Llanelli Naturalists Newsletter - January 2005 - No 71
Niel Mathew

One of the highlights for me this year was the long overdue sighting of the Club-tailed Dragonfly, Gomphus vulgatissimus, on the Tywi.  I had been looking for this beast nearly every year for the past dozen or more.  I had tended to look for it along the river below Dryslwyn Castle as this is where Ian Morgan came across it in 1990 or thereabouts.  So I suppose the long wait has been Ian’s fault!  Anyway, on one sunny May morning this year a small group, including some RSPB staff, met at the car park, to view the satisfactory arrangements made for Tree Sparrows here – nest-boxes, supplementary feeding, etc – before following the river down for some way, being mindful all the while that Gomphus may not be far away. We’d already had good views of some Tywi specialities such as Tree Sparrows, Little Ringed Plovers and, circling above us, a Hobby, when a small dragonfly was observed momentarily flying low over the water.  In the past this usually has turned out to be a banded demoiselle, a beautiful damselfly that tends to emerge at the same time as Gomphus and frequents the same sorts of places, i.e. stretches of muddy rather than gravely water.  On this occasion the mode of flight seemed quite different so we sat down on the bank to wait and watch.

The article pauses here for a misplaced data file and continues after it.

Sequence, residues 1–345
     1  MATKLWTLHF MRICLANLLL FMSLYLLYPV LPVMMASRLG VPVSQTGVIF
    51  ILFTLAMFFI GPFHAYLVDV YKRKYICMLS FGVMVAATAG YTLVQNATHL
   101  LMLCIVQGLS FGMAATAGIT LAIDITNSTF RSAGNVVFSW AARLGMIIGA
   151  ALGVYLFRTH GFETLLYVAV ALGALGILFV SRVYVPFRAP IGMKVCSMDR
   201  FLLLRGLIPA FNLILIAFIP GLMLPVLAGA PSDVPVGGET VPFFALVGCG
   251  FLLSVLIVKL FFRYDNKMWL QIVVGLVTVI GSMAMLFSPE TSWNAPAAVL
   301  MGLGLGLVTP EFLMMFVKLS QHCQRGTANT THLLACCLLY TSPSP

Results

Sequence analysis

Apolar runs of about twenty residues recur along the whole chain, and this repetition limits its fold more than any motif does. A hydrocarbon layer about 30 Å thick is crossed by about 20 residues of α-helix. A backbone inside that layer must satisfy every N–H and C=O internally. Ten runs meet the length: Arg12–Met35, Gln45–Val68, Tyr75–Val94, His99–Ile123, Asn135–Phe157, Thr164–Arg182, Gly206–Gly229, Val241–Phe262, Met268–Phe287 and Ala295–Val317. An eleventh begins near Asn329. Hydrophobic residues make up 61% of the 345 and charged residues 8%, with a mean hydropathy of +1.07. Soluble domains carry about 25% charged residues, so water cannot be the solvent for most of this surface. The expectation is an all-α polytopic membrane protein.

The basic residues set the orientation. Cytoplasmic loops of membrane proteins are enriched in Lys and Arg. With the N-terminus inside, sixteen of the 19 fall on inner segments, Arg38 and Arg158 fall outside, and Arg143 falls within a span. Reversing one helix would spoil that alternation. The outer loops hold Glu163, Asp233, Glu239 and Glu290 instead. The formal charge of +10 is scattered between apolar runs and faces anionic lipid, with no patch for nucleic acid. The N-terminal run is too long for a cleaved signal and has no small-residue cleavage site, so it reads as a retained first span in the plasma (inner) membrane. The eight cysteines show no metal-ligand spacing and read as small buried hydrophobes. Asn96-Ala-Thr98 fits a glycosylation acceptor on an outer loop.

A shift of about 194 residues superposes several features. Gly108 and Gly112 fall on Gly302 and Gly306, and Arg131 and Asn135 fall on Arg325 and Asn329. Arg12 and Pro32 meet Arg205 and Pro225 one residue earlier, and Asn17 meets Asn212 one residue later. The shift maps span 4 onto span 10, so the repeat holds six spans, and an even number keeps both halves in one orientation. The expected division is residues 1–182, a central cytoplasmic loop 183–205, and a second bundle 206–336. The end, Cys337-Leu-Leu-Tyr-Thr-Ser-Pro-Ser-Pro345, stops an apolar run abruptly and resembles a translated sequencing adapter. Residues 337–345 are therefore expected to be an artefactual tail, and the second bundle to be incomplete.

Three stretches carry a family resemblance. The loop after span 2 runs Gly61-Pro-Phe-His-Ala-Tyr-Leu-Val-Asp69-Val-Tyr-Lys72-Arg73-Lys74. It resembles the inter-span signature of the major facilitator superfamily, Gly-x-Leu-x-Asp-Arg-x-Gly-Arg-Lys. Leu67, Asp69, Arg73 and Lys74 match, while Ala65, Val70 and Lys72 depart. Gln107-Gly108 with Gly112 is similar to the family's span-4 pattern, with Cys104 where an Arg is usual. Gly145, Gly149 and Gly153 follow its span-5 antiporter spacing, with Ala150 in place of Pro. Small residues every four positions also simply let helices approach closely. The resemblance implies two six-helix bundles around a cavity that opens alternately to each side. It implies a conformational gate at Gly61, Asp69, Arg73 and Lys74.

It wasn’t long before it re-appeared, and with mounting excitement  I trained my binoculars on it, now feeling certain it was the eagerly anticipated insect.  It proved to be very obliging, since after flying towards the opposite bank it turned round, came back towards me and then promptly settled on my trouser leg to the delight and amazement of all!  It was really only while it is at rest that one can see properly the colours, mostly green and  black with yellow patches on the side of the “club tail” and  those diagnostic widely separated green eyes.   A good photo opportunity but, alas, no camera!  Known to be a fairly sluggish creature two were soon afterwards observed resting on the grass and one could approach quite closely.  In flight they are quite distinctive, generally low and circling above the water surface, seemingly colourless but with an individual and noticeable silhouette due to the “club tail”.  At least three were seen altogether, probably males sorting out their territories.  They would have spent some time since they emerged as adults away from the water, possibly much of the time in the canopy of trees, and then returned with their mature colours to hold territory and look for females.

There didn’t seem to be anything particularly special about this part of the river: there were pronounced meanders where the river flow is slowed allowing silt and mud to build up and areas of willow scrub that are probably important for shelter.  The flight season lasts only three weeks or so giving little opportunity to see it: other than this there are only the exuviae (the shells of the discarded larval form) to indicate that the species is present, but I’m not sure what these look like even though they are said to be distinctive! In closing I ought to say that if anyone is keen to see these insects they should make sure that they have the landowner’s permission. They are likely to occur at a number of spots along the river. This species is one of the notified features of the SSSI (the Tywi between Carmarthen and Llandovery) and we could do with more records.